To Bee or Not to Bee?


Colony collapse disorder sounds so elementally human. A recent 60 Minutes segment featured the disappearing bees. Too bad bees can’t talk.

Come back, bees! You’re part of the hive that humans have made of the planet. I was thinking about bees last night, driving and at the same time looking at my brightly lit, new cell phone named for a fruiting tree pollinated by bees.

One of the theories, unproven!, is that a new class of pesticides has simply knocked the bees and their exquisite navigation system off kilter. Sounded good enough for me.

I’ve had it with corporations whose products are so woven into my habits of consumption and so destructive, the dissonance makes me feel like I’m driving on a dark road and reading a cell phone screen at the same time.

Of course, there are plenty of powerful people who take the opposite point of view: that the only way society can organize is by doing so many things at once that the fruits of our labor create wealth far in excess of whatever costs are incurred.

One of the interesting features of the IPhone is that it continually searches for WiFi connections and tells you s much earnestly, its tiny machine heart burning hotly in the quest to latch onto the nearest and best carrier of information that I need, or not, as the case may be.

So as I’m driving–now scrolling through messages from Nigerian widows, from Saks Fifth Avenue Men’s Department, invitations from political parties and foam parties–I notice how many WiFi locations want to mate with my phone.

Hundreds of millions of people, maybe even billions, are piling similar tiny electronic pulses, each with a unique identifier into the world faster than snowflakes melting.

So, what if I were a bee and I navigated from far-flung flowering trees and plants to my queen and hive, back and forth, communicating with my bee brothers and sisters what’s up, and what if by coincidence I helped to pollinate 1/3rd of the food supply of humans, and what if cellular communication scrambled my exquisite sense of vibration to the point that I disappear and take 1/3rd of the human food supply with me?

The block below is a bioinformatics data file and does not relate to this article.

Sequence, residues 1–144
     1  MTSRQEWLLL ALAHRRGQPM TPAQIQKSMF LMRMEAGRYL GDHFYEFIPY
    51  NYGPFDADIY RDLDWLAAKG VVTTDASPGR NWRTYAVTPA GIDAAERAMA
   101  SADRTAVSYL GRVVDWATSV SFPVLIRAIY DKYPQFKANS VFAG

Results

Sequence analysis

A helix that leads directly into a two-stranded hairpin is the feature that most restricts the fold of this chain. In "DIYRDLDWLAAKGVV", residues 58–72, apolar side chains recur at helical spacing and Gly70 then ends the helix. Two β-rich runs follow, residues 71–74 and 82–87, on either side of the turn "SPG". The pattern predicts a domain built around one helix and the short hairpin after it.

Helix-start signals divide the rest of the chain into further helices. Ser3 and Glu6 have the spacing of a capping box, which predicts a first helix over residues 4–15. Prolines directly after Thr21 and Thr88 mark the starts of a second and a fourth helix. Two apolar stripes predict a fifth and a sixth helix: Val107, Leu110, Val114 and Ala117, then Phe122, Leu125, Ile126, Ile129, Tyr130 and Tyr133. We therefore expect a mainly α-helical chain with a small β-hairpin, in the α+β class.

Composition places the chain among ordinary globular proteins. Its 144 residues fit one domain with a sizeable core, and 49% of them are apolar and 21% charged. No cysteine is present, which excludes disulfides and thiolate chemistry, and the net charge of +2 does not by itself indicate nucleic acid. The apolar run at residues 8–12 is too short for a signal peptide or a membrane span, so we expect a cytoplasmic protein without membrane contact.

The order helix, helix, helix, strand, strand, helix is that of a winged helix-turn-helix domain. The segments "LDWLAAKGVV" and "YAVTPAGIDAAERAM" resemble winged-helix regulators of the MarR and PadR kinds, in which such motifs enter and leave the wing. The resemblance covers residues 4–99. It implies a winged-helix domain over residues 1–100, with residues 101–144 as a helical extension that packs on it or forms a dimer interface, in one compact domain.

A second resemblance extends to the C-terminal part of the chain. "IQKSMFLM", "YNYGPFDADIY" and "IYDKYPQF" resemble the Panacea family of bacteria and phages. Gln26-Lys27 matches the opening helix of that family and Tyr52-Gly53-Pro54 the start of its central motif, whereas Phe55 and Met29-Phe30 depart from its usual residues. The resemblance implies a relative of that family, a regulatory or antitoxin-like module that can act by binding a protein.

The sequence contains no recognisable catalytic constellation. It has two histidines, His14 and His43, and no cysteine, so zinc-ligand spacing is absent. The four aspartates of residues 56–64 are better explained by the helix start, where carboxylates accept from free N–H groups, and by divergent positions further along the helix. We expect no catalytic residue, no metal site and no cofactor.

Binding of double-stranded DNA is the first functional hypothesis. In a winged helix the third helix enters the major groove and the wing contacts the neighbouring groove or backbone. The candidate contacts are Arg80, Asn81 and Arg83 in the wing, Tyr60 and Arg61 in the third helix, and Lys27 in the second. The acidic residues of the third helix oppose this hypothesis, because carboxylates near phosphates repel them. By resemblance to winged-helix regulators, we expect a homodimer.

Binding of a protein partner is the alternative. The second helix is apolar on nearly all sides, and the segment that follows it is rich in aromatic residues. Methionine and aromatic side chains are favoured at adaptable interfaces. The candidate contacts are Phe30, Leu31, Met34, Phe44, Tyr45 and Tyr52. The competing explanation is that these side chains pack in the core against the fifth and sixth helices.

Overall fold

How would we, humans, account for that cost?

What if we discovered cell phones are chasing bees from the planet? What if our impact wasn’t just bees, but other species that singly or in combination make our own survival possible?

If we had to choose between cell phones and bees, what would we do?

I posit this question in the cheerful spirit that it may never need answering exactly as posed, and yet it is precisely the order of inquiry that smashes the notion of we can just somehow slide by the impacts of global warming, without modifying our patterns of consumption in any substantive way.

The opposing perspective was neatly articulated in the Sunday New York Times, in an interview with John Bolton, the controversial former UN Ambassador and neoconservative mad dog, ” even if there is global warming, the notion that you are going to reduce carbon emissions enough to have an impact on it is just-serious people don’t believe that’s true.”

Serious people? Really? The kind of serious people who sold American taxpayers on a trillion dollar war in Iraq based on an informant named Curveball, who was lying just to secure his green card to Germany? Those kinds of serious people, Mr. Bolton?

Mr. Bolton and his posse are of the Manichean world-view that evil reigns: there is no power or wealth but that which can be nailed down, here and now.

Americans may choose to lie, cheat and starve before banning any other form of consumption that has been deemed to be a prerogative of economic organization: building tract housing in wetlands, organizing transportation around gas-guzzling SUV’s, you name it-but saying so, doesn’t line me up with John Bolton.

Mr. Bolton’s posse will be heading for the hills, soon, to rally for another turn at the wheel.

The bees can’t tell us what is stressing them. We can’t adapt to what is stressing us, even though our ability to communicate is limitless.

But a growing number of our kind is angry as bees.

ALAN FARAGO of Coral Gables, who writes about the environment and the politics of South Florida, can be reached at



Alan Farago is president of Friends of the Everglades and can be reached at